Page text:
14. 5 months ago
    Anonymouṡ

    61)
    When this novel first appeared in book form a notion got about that I had been bolted away with. Some reviewers maintained that the work starting as a short story had got beyond the writer’s control. One or two discovered internal evidence of the fact, which seemed to amuse them. They pointed out the limitations of the narrative form. They argued that no man could have been expected to talk all that time, and other men to listen so long. It was not, they said, very credible.

    After thinking it over for something like sixteen years I am not so sure about that.

    62)
    MARRIED Nah

    CHILDREN No

    SUMMARY OF PRINCIPAL OCCUPATIONS AND/OR JOBS
    Everything: Let’s elucidate: scullion on ships, gas station attendant, deckhand on ships, newspaper sportswriter (Lowell Sun), railroad brakeman, script synopsizer for 20th Century Fox in N.Y., soda jerk, railroad yardclerk, also railroad baggagehandler, cottonpicker, assistant furniture mover, sheet metal apprentice on the Pentagon in 1942, forest service fire lookout 1956, construction laborer (1941).

    63)
    In an esoteric masterpiece, a writer's most secret, deeply hidden themes make their appearance. Such a work is dominated not by openness and clarity but by a strangling tightness. In place of limpidness and purity we have density; rather than the broad, open world we have a closed room. The spirit of the author, flinging away all inhibitions, shows itself in its boldest form. I have elsewhere likened "House of the Sleeping Beauties" to a submarine in which people are trapped and the air is gradually disappearing. While in the grip of this story, the reader sweats and grows dizzy, and knows with the greatest immediacy the terror of lust urged on by the approach of death . . .

    [*]

    64)
    How is it that Wells’s marvels lay such close hold on us? Because we are made to feel that they are possible. Plenty of amazing things happen in Hans Christian Andersen’s stories, but nobody seriously believes in them. Even Edgar Allan Poe’s tales often give a feeling of unreality. Wells’s secret — and a valuable heritage passed on to later writers of science fiction — was to lay the fantastic and the fabulous side by side with the everyday, even the humdrum.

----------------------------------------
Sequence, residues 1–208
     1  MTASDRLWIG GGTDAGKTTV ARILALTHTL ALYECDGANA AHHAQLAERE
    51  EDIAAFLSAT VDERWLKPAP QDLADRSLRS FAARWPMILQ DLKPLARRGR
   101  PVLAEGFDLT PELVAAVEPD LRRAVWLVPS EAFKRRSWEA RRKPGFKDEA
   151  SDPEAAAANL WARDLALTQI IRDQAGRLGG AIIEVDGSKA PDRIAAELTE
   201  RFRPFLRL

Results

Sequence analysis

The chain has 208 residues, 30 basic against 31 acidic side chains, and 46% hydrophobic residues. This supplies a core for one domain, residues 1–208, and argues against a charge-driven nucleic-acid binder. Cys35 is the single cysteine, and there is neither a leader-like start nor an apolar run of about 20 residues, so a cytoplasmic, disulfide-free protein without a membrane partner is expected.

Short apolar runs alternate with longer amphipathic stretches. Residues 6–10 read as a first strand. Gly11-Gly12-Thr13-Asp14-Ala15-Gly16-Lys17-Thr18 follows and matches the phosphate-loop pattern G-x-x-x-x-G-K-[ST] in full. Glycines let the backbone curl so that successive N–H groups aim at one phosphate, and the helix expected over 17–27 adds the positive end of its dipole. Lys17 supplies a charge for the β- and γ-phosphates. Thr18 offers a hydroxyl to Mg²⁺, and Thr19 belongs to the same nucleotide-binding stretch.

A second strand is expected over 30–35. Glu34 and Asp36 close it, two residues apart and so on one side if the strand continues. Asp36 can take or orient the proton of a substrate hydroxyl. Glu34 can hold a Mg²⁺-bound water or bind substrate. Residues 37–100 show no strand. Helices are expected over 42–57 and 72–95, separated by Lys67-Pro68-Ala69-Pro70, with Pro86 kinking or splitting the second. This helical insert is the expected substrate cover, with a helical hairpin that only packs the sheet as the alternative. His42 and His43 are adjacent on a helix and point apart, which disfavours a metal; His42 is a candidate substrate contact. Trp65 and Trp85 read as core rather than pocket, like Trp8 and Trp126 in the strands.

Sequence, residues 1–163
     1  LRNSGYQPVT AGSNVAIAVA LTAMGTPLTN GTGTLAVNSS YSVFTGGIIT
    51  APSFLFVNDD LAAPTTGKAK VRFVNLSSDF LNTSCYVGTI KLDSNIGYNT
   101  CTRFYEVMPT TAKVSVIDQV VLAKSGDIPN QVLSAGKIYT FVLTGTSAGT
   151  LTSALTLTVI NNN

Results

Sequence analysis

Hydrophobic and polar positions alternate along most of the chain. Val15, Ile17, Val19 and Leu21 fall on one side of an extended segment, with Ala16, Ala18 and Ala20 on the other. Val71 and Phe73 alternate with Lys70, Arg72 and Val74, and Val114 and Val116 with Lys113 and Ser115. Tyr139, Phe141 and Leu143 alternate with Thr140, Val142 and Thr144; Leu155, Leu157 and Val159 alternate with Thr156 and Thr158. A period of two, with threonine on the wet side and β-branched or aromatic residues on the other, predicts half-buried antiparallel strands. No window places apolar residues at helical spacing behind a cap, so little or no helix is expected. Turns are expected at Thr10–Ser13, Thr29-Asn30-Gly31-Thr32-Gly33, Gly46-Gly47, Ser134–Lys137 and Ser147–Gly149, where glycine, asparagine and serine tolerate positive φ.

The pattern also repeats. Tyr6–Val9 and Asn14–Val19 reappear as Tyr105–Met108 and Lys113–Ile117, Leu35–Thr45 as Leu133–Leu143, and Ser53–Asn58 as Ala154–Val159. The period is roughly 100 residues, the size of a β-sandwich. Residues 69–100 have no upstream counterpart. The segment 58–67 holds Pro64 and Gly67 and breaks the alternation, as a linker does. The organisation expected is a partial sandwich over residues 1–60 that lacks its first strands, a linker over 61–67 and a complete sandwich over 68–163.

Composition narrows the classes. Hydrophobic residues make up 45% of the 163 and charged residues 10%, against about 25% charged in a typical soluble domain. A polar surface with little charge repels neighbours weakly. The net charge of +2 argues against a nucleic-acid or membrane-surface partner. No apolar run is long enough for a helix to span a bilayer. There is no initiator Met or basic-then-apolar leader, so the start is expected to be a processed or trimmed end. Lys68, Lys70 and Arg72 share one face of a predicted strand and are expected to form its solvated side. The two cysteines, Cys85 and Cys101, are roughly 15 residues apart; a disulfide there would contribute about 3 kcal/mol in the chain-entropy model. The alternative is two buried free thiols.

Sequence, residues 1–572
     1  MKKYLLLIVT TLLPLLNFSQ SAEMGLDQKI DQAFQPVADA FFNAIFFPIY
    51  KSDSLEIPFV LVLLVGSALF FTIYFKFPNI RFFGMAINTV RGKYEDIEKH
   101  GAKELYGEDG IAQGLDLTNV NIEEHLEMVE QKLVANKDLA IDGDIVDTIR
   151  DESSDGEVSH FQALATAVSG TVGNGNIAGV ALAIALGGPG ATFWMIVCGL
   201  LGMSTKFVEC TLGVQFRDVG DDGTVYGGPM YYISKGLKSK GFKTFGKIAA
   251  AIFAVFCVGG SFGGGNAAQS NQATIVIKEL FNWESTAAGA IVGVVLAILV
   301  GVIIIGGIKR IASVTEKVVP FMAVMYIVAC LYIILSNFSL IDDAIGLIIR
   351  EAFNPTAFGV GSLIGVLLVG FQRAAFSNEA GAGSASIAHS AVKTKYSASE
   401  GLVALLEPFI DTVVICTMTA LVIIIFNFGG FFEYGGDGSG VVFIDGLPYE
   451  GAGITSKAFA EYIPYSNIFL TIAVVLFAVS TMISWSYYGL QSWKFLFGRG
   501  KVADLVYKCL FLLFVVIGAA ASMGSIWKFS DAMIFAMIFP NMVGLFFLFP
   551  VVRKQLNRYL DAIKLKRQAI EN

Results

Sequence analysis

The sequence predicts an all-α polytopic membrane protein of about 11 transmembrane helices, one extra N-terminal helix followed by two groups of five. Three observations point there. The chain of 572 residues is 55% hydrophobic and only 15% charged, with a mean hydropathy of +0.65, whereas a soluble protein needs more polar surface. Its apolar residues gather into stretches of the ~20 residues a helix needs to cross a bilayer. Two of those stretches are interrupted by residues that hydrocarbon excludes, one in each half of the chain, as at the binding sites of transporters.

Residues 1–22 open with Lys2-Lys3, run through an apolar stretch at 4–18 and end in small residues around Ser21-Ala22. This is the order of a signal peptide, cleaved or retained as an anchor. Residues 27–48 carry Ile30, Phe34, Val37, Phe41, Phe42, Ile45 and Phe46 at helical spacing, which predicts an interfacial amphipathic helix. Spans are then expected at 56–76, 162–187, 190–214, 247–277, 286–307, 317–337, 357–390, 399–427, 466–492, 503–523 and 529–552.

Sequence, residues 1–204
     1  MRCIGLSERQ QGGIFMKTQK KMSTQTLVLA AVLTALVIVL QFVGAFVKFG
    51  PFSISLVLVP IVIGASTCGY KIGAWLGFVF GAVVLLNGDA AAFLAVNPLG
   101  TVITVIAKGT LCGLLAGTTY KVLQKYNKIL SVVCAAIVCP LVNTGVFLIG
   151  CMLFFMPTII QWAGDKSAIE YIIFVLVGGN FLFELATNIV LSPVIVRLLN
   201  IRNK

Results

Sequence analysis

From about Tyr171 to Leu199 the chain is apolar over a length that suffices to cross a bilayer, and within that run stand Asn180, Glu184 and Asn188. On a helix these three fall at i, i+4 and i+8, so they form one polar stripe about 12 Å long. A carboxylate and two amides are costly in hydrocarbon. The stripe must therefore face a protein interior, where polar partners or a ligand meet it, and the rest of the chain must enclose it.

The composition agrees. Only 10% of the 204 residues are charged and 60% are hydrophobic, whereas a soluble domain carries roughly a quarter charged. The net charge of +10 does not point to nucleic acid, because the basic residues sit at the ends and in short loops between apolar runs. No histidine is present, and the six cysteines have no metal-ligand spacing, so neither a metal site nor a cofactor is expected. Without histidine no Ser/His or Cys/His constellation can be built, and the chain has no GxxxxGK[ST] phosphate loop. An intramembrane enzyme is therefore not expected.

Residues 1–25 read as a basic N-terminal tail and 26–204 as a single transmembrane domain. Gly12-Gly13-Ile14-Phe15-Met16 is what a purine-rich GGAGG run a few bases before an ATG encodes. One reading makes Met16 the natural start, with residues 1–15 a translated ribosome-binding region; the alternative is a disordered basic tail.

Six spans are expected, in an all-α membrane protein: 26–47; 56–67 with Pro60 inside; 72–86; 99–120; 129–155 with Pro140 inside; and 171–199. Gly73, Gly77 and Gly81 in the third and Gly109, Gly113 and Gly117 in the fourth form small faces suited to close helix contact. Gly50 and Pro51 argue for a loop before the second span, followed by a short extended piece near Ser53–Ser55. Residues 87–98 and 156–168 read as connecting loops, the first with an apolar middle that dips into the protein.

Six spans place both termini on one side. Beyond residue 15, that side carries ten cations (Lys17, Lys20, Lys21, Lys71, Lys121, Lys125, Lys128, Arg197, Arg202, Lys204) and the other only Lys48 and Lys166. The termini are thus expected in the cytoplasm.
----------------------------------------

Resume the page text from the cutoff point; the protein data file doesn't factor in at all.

65)
    I did not hear the bottle shatter, only the explosive intake of gasoline igniting, flames throwing black shadows against the concrete; our shadows, running. We all were running, and in the eyes of a Kennedyjawed girl from the Virginia suburbs I would see something I had never seen before: a feral shiver, a bright wet shard of ancient light called Panic, where dread and ecstasy commingled utterly. And then the first cannisters fell, trailing gas, and she was off, running, like a deer and in that moment as beautiful. And I ran after her, and lost her, and sometimes I imagine she is running still.

  15. 5 months ago
    Anonymouṡ

    66)
    Writing is a craft, like any other: playing the violin, skating, batting at cricket, billiards, wood-carving — anything you like; and mastership in any craft is attainment of the end to which that craft is devoted. A craftsman is excellent in his craft according to his degree of attainment towards its end, and his use of the means towards that end. Now the end of writing is the production in the reader’s mind of a certain image and a certain emotion. And the means towards that end are the use of words in any particular language; and the complete use of that medium is the choosing of the right words and the putting of them into the right order. It is this which Mr. Wodehouse does better, in the English language, than anyone else alive; or at any rate than anyone else whom I have read for many years past.

    67)
    Now, Agelastes (speaking dispraisingly) sayeth, That there may be some wit in it, for aught he knows —— but no judgment at all. And Triptolemus and Phutatorius agreeing thereto, ask, How is it possible there should? for that wit and judgment in this world never go together; inasmuch as they are two operations differing from each other as wide as east from west ——— So, says Locke —— so are farting and hickuping, say I.